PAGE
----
Crewman benefits from Ghost Hunter's traffic trouble in Hanshin Cup
ARLINGTON HEIGHTS, Ill. – Crewman’s second start in a graded stakes race produced the first graded-stakes win in the long career of trainer Dee Poulos, as Crewman scored a narrow victory Saturday at Arlington in the Grade 3, $100,000 Hanshin Cup.
Crewman got an assist from Wyeth, who finished a close third, and came out fairly sharply in the final half-furlong just as Ghost Hunter was trying to split Crewman and Wyeth. Jockey Jevian Toledo had to take up and come around, and still managed to edge Wyeth for second while falling a neck short of Crewman. The Arlington stewards conducted an inquiry and Toledo lodged an objection, but the result stood.
Crewman ran straight in deep stretch and was not at fault in the major incident, but had come in slightly in upper stretch when Ghost Hunter, who probably was best on the day, first tried to come between horses.
Crewman, a 6-year-old gelding by Candy Ride out of the Empire Maker mare Lake Naivasha, won for the sixth time in 31 starts while trying graded stakes competition for the first time since he was a distant seventh in the 2016 Hanshin. Crewman has thrived on synthetic surfaces, over which he’s now 9-5-1-1, and won the $50,000 Forego on Turfway’s Polytrack earlier this year. Dundalk 5 LLC, whose principal is Tim Kindlon, claimed Crewman for $25,000 out of his second career start in October 2014.
“He’s done nothing but be a hard-knocking horse for us,” Kindlon said.
Poulos is the widow of Ernie Poulos, who trained the excellent Chicago-based racehorse Black Tie Affair. Dee Poulos first started a horse as head trainer in 1997 and had been 0 for 6 in graded stakes before Saturday’s win.
Crewman, a 25-1 shot who paid $53, pressed the early pace after breaking from post 9 as Valiant City came inside Wyeth to set splits of 23.38 and 46.08 seconds in the one-turn mile. Wyeth took over the lead on the far turn, appeared to be going comfortably, and gave jockey Jose Valdivia Jr. a good feeling going to the three-furlong pole.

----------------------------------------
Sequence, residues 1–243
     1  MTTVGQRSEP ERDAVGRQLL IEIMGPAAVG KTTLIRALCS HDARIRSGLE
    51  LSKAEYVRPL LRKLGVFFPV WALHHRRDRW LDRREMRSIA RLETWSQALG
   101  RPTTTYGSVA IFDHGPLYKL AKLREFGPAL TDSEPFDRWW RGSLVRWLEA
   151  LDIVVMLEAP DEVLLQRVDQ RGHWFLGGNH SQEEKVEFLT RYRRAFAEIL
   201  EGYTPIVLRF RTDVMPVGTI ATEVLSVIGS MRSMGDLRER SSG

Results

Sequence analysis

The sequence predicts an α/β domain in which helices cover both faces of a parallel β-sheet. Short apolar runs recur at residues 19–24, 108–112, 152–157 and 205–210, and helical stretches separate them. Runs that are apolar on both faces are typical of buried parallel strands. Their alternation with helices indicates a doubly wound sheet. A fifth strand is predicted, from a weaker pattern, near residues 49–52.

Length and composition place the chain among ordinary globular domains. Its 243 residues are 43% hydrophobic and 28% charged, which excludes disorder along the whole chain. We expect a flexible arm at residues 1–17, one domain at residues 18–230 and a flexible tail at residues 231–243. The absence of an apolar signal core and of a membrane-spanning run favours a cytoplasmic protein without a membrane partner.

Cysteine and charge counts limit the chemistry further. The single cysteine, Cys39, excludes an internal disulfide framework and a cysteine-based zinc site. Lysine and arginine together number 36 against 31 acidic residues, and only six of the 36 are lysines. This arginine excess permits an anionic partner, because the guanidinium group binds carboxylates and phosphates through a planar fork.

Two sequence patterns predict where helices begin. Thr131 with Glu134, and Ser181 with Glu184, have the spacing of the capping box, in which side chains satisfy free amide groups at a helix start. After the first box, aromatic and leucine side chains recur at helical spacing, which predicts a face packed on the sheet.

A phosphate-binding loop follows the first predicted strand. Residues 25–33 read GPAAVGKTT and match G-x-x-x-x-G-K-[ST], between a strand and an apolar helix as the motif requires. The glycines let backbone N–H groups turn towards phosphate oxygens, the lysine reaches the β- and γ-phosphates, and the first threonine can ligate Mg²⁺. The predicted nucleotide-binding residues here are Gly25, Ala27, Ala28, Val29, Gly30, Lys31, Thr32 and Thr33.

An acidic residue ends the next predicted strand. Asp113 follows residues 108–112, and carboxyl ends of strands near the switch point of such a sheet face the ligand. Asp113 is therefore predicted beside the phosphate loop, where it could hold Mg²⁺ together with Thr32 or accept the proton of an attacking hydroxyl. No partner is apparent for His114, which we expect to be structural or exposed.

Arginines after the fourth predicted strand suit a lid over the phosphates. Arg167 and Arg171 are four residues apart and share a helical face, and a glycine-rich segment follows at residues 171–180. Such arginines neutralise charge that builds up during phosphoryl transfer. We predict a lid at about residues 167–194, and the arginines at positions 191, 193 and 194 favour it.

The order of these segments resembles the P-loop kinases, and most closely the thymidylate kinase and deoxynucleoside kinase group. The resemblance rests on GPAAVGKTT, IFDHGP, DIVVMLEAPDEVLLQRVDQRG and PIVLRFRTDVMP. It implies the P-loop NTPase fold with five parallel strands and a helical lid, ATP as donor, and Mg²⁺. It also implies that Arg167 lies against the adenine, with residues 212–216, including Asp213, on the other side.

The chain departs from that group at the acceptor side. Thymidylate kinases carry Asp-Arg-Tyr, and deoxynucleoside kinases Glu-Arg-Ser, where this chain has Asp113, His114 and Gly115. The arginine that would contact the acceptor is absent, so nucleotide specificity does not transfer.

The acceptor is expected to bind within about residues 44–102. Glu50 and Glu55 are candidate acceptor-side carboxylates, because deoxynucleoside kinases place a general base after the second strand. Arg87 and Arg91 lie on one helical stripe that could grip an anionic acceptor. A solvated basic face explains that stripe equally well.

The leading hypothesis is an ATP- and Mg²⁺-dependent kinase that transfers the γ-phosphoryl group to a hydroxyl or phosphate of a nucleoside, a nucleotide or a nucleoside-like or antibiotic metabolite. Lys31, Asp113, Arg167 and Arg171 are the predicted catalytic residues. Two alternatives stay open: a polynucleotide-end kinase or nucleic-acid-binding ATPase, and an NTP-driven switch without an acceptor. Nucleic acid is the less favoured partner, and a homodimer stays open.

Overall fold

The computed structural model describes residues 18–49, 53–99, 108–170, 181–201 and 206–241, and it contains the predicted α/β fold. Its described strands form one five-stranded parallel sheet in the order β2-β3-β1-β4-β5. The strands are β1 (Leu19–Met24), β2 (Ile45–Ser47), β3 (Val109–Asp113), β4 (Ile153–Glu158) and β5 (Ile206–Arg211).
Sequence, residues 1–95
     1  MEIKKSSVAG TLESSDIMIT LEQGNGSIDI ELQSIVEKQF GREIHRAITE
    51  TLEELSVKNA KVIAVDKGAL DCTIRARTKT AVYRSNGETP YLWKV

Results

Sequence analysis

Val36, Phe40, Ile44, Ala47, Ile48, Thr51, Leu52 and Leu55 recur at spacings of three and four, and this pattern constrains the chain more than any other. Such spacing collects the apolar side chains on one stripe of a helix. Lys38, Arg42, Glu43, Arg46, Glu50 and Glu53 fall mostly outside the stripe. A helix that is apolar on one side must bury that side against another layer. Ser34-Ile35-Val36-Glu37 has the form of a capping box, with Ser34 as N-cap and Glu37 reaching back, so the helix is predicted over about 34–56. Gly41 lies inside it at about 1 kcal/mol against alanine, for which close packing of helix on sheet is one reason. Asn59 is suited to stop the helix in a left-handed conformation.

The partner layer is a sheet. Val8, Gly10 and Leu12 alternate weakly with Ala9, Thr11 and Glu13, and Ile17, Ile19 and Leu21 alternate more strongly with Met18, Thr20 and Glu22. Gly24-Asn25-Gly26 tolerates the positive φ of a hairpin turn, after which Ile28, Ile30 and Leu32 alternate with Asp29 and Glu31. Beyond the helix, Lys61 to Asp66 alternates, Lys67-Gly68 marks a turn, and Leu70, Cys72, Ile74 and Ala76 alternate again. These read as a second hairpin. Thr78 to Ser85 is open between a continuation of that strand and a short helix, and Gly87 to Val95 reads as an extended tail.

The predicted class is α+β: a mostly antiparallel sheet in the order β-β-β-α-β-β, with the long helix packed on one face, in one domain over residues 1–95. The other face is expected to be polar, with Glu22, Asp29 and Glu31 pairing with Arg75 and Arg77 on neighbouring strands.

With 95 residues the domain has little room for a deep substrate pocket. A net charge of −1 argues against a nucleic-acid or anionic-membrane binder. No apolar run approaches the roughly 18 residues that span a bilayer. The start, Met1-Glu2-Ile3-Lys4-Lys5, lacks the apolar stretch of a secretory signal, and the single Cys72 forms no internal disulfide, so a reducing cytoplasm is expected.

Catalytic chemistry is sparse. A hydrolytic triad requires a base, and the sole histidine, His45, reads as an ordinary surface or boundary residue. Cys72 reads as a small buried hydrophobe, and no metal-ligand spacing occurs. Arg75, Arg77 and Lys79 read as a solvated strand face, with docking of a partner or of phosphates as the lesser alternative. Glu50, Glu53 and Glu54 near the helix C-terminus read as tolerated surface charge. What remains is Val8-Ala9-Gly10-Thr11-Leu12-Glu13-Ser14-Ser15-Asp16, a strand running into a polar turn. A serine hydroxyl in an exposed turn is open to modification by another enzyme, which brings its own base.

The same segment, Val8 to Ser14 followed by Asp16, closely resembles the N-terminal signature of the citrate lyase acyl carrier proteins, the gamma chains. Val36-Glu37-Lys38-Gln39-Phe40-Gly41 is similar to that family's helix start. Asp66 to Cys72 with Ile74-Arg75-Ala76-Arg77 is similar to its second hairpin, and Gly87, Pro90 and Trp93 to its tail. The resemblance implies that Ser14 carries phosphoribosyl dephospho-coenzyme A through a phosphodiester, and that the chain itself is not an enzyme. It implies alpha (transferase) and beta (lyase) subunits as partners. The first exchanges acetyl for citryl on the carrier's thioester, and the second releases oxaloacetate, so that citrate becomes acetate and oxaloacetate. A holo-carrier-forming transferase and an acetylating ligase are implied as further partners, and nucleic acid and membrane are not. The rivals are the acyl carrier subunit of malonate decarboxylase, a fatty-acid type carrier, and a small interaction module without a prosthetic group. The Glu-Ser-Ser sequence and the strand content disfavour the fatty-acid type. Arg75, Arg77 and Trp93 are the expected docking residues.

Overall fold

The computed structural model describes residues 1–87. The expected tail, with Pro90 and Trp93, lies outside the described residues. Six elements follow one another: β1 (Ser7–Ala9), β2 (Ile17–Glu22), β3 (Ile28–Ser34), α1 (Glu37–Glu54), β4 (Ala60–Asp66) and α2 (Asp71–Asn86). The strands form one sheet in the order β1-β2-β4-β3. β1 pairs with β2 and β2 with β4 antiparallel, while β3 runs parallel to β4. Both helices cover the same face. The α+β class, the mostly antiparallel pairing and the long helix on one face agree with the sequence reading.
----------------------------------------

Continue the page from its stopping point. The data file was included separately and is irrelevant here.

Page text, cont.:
“I thought I was long gone,” Valdivia said. “When I inherited the lead he took a breather and I thought, ‘Oh boy, we got something.’ ”
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Wyeth led through six furlongs in 1:10.20 but still had Crewman stuck near his flank as Ghost Hunter and Toledo crept up the inside into striking position. Ghost Hunter had no luck as Crewman displayed his typical grit to just get home, running a mile in 1:35.06.
“I worked him once last week,” said winning rider Carlos Marquez Jr. “I’d never rode him before so [Poulos] wanted me to get a feel for him. He worked super. He didn’t go fast, but the way he did it I was very happy. I told Ms. Dee if he runs like he works, he’ll be very tough. He had a perfect trip. He was cruising down the backside, and every time [Hootenanny] crept to me on the outside, he moved on his own. I’m waiting for Valdivia to move so I can move with him, and when he moved and he didn’t go anywhere, and I’m still sitting, I said, ‘It’s going to be me and him down to the money.’ ”
Marquez couldn’t see Ghost Hunter twice getting stopped, but that’s racing, and in the Hanshin it was Crewman who got the money.